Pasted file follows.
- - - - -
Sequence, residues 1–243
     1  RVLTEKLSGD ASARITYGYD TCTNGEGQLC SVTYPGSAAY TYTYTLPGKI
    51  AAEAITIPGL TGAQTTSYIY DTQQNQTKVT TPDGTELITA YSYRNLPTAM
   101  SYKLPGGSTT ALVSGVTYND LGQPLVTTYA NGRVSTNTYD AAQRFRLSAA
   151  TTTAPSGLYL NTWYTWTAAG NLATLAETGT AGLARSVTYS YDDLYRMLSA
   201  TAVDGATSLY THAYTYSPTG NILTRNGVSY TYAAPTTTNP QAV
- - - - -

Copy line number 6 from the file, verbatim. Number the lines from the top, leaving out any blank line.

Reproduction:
   201  TAVDGATSLY THAYTYSPTG NILTRNGVSY TYAAPTTTNP QAV